BOCA RATON, Fla. – The conference room was quiet, clinical. The replay flashed on flat-screen televisions, muted. The only person who spoke was NHL vice-president of hockey operations Kris King, narrating the action on the screens Monday afternoon.
“January 1st,” King said.
It was the Winter Classic, the league’s annual outdoor game.
“The puck comes out of the zone,” King said. “Both players go to get it. One player turns one way, the other the other. Hits his head on the shoulder.”
“Player misses time because of a concussion,” King said.
Crosby hasn’t played since Jan. 5, when he took another hit, this one from behind by Tampa Bay Lightning defenseman Victor Hedman(notes). He has missed 29 games and counting. He finally returned to the ice for 15 minutes Monday morning, raising hopes he might play again this season, though there remains no timetable for his return.
“Inadvertent collision,” King said.
The Crosby-Steckel collision was just one of many plays King showed reporters covering the NHL general managers’ meetings at the Boca Beach Club, a ritzy resort by the Atlantic Ocean.
And it was just one of even more plays the league’s hockey operations department showed the GMs themselves earlier that morning, on the same screens in the center of the same circle of tables, about the same time Crosby went for his skate in Pittsburgh.
But it is that play more than any other that illustrates the layers of the concussion debate/dilemma facing league officials, as they study the issue under immense public pressure to address it further.
Had Crosby not gone down, would there be this much attention on concussions in the NHL? Is there any rule that could have prevented – or at least reduced the risk – of such an incident? Had doctors diagnosed a concussion after the Steckel hit, would Crosby have sat out Jan. 5? Would he not have been hit by Hedman, too?
Would he be back by now?
Crosby’s absence brought focus on player safety before Boston Bruins defenseman Zdeno Chara(notes) ran Montreal Canadiens winger Max Pacioretty(notes) into a stanchion last Tuesday night at Montreal’s Bell Centre – leaving Pacioretty with a concussion and fractured vertebra, earning Chara no fine or suspension which led to outrage from media, fans, sponsors and politicians.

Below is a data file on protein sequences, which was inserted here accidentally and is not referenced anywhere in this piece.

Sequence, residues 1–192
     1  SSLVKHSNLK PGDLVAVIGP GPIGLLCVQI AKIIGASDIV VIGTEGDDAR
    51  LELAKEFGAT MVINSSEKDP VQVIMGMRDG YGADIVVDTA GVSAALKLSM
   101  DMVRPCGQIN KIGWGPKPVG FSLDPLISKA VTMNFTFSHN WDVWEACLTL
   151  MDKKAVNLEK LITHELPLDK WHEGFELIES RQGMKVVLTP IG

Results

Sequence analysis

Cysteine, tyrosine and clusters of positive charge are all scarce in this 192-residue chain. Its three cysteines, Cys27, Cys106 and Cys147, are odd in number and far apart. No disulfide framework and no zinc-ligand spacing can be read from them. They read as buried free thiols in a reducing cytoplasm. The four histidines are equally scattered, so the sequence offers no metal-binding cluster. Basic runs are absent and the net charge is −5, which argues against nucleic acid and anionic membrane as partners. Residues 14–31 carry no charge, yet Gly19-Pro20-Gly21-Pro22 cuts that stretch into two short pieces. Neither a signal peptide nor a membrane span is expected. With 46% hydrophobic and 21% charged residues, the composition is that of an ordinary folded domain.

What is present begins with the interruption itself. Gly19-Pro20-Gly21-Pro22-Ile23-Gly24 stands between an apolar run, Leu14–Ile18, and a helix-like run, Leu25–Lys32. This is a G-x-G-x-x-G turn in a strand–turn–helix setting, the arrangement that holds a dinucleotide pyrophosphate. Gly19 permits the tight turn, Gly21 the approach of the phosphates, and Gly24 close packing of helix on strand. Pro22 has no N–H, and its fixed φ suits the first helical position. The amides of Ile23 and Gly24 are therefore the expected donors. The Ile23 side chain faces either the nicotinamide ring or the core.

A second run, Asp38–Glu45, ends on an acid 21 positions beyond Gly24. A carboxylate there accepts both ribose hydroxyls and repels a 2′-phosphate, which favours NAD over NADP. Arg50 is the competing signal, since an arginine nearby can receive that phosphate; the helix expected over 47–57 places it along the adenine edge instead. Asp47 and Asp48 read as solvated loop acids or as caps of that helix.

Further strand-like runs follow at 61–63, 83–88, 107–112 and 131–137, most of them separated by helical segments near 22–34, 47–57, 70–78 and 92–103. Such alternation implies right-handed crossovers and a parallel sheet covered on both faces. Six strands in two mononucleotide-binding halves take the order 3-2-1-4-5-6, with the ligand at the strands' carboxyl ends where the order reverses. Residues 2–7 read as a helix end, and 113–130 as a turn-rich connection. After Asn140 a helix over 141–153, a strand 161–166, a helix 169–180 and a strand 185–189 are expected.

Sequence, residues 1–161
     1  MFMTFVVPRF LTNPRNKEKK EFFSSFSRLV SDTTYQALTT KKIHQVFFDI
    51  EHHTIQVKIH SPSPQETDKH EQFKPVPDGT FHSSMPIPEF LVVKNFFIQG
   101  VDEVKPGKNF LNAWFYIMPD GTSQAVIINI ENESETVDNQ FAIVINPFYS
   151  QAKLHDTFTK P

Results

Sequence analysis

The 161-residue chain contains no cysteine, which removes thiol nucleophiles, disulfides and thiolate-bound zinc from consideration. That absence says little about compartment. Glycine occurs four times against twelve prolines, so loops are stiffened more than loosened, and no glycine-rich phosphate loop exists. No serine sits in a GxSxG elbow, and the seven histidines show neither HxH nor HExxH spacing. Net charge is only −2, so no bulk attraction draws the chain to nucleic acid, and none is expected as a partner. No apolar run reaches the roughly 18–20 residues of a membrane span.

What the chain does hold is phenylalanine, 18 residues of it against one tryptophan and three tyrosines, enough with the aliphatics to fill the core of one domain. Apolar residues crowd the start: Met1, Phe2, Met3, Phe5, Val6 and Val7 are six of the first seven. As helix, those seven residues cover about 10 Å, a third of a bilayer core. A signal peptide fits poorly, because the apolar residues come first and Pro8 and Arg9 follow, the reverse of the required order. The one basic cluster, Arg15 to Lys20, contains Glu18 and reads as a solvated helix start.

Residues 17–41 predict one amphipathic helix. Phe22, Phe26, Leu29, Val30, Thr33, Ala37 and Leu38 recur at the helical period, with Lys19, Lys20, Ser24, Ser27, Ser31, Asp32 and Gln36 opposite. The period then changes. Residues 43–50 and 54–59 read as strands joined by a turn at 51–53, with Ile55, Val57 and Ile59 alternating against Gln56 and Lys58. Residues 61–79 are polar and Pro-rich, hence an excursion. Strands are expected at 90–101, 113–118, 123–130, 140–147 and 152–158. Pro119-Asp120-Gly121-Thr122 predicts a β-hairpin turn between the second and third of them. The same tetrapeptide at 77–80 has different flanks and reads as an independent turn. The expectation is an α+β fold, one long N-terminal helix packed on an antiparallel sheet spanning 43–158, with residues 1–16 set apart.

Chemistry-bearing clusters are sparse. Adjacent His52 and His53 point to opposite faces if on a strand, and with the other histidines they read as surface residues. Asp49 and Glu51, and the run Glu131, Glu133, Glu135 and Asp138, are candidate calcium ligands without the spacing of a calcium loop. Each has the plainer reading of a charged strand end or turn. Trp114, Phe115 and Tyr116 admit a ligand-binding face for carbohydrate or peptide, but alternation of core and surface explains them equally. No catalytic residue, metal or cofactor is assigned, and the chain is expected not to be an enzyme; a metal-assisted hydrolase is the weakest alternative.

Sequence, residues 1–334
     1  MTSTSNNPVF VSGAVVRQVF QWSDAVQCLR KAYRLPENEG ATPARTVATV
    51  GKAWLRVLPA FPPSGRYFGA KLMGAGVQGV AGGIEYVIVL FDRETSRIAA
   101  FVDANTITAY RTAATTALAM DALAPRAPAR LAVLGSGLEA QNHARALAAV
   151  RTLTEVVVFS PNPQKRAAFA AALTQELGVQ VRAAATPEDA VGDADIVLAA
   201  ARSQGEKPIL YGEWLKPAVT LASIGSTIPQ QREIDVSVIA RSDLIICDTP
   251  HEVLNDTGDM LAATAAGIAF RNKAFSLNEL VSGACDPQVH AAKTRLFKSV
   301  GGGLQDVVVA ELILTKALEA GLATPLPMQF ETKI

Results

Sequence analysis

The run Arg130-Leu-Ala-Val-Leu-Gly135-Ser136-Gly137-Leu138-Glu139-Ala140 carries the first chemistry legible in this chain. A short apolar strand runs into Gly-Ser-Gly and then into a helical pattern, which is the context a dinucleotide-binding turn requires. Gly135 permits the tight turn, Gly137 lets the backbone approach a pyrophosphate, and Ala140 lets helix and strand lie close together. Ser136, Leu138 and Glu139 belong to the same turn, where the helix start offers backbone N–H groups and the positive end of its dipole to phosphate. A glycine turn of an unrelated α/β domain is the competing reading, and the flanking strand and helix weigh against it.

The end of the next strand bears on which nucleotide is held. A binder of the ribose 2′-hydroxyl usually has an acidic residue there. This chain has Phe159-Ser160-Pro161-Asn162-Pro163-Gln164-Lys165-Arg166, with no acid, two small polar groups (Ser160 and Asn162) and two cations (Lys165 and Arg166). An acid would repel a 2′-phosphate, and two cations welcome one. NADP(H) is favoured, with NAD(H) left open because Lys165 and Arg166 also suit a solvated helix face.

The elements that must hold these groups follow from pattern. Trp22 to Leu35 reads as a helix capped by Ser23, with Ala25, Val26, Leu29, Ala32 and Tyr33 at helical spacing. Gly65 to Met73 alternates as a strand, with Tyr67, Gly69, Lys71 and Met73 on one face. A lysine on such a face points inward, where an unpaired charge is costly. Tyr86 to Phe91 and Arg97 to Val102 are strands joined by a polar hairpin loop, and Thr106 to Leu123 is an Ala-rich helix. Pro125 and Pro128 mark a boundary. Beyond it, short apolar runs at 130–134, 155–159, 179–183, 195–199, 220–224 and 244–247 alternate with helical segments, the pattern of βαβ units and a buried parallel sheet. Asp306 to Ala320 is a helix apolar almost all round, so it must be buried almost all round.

This was the best player in the game, on pace for the best season of his career, concussed in the league’s showcase event. People inside and outside of the game have held up Crosby’s absence as the high cost of concussions and used it to argue for a ban on all hits to the head, whether intentional or unintentional.
“My position is there should be no head hits,” Penguins general manager Ray Shero said. “That’s the position of the Penguins, and that’s mine, and I brought it up today in our group.”
But the league has tried to take the emotion out of the equation and look at the cold, hard data. The hockey operations department studied all of the concussions suffered through March 1 and compared them to the same period last season, before Rule 48 was instituted to ban blindside hits to the head. Hockey ops showed the GMs video clips of virtually every concussion in the NHL this season and gave them statistics.
Crosby thought Steckel hit him intentionally. The league considered it incidental contact. Twenty-six percent of concussions though March 1 were from what the league labeled “accidental events” – teammates running into each other, players tripping on their own, pucks hitting players, inadvertent collisions of opponents. The number of accidental concussions doubled.